What’s It Like Living on 20k/month? Ask This Artisan


July 1, 2019

Every week, Zikoko seeks to understand how people move the Naira in and out of their lives. Some stories will be struggle-ish, others will be bougie. All the time, it’ll be revealing.

This week’s story pulled off in collaboration with ARM PENSIONS. Tomorrow is looking good. How’s it looking for you? Start making tomorrow look good by making the right calls today, by clicking here.

What’s the first thing you ever did for money?

I worked for a caterer when I was in Junior secondary school as a Waiter. I was 15 at the time, in JSS2 and this was 2010. We were seven kids – I’m the fifth of seven – so you couldn’t just sit around and wait for anyone to give you money. My mum sells roasted plantain and yam, with fish. My dad sells curtains and other materials you’ll normally need for curtains.  

Back then, I used to work at events of all kinds, and got paid ₦2k per day. There were the long weekends of Friday, Saturday and Sunday work.

There were days when we’d travel on Wednesdays and come back on Sunday. 

My best month doing catering work ever, paid me ₦38k. I was working at Davido’s show. That show was mad. The crowd was mad, and people were rushing our cocktails and shawarmas. I went to regular, VIP, everywhere. 

The moment that burst my brain was what Davido did. What happened was, he was throwing money in the air, and people were rushing to catch money. Then they started stampeding and some girls were getting trampled on. One guy started protecting the girls. Davido just called him out and said, “I’ve been watching you since, helping people. For that, take ₦1 million.” 

This was December 2018. 

Mad oh! Let’s go back a little. 

Back then, the salary used to be like ₦5-₦15k every month, but that’s not where the real money was. The real money was made at the venue. You know all those big-big people at the venue? That’s where the real money is. Some people will just say, “you’ve been serving us well, take this money,” and you’ll see that they gave you ₦3k or ₦2k or ₦1k. The best money someone has given me at once is ₦5k. It’s that money that actually used to sustain me, not just the salary.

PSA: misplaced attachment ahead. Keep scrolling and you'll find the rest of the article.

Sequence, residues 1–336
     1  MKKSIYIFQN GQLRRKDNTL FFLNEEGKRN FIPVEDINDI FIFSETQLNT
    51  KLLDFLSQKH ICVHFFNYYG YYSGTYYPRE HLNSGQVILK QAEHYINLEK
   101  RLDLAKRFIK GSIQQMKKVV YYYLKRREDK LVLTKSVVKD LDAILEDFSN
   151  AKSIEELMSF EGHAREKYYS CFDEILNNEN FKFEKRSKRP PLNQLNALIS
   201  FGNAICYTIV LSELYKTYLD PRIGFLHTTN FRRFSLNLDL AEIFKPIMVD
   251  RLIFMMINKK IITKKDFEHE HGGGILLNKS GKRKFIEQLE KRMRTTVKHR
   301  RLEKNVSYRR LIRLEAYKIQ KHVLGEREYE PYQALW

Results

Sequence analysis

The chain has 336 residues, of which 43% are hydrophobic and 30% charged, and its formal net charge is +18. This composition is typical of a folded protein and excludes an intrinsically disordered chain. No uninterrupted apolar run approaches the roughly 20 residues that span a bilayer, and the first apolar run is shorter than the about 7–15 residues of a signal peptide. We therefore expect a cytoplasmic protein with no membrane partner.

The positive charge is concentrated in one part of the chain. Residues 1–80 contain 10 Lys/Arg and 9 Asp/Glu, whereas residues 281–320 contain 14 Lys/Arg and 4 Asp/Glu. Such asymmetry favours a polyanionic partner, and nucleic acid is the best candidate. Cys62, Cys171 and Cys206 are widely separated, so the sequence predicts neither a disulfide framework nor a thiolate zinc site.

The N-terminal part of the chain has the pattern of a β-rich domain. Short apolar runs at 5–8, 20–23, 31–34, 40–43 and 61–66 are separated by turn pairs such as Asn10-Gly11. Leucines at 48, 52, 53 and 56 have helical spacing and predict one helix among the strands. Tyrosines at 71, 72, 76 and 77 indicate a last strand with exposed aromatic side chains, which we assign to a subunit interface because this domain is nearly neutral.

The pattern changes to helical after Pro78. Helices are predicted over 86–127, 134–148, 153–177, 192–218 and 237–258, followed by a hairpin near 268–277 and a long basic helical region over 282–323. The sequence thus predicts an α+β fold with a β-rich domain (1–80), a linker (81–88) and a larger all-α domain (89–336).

Then 2015 – the year I wrote WAEC – there was a period after elections that catering jobs were not coming again. So I started looking for another job to do, something that will give me money monthly. My cousin just came one day and said, “guy, come and escort me somewhere.” When we got there, I saw people there making blinds. I saw one guy weaving it and I looked and looked. 

I just dey look. 

I just told my cousin, “I think I’ve reached my bus stop. I go like learn this work.” He asked me if I liked it, I said yes. I told my dad, and he asked me if I was sure I wanted to do it. I said yes. Then he took me to someone’s place. And the man told me to write an application letter. I wrote it, and the next day, I resumed. 

And that’s how I started working as an apprentice, learning how to make window blinds. 

What were your options?

I wanted to learn tailoring. I also considered joining my dad, to sell curtains. Another one I considered was working Aluminium, but my friend that started the work, that one na so-so messenger work, that’s what he was doing at that time. ‘Go and buy this, go and buy that.’ 

Did school cross your mind at any time?

Yes now, but no money at the time, so I no just stress myself. I didn’t even bother writing JAMB – my senior ones didn’t even bother asking me to – because there was no sign that I’ll have money for university sef. 

Our firstborn is a driver, guy. The second-born, third, and fourth born, all women, all tailors. The one after me just finished, she’s learning catering. Then the last born, a girl. She wrote WAEC this year.

How much do you think your school fees is? 

I wanted to be an accountant because I was a Commercial student. My best subject at that time was even Accounting – I had a C4 in WAEC. My dream schools were Abia State University and UNILAG. Abia State University was about ₦200-and-something-k when I asked. I dunno how much UNILAG was, but someone said it was expensive too, so I no just bother. 

So, back to the blinds work. 

Back to the blinds work.

When I started at that time, I was getting paid ₦10k per month, and another ₦500 every day, as feeding and transport money. 

By 2017, I was already thinking of setting up my own business, when one day my Oga just came to tell us something. He said that he was thinking of laying off some staff, because sales were not great. He said when more sales come, people can come back. I just used that opportunity to volunteer to leave. 

I had ₦50-something-k in my savings. 

How did you pull it off?

I moved in with a friend that was getting jobs. So we’d do the work together, and I’d get a percentage. Sometimes ₦2k (40%), sometimes ₦1,500 (30%). We’re still together now. 

What was the difference between your Oga and your guy? 

My Oga is rich. He goes to China and brings goods. He has warehouses, and he started as an apprentice too o. It was one man from the North that used to give him rides from the house to the office, when he didn’t have money. Sometimes, the North guy will not even collect money. Two of them are still together sef. The man is the one managing all the vehicles.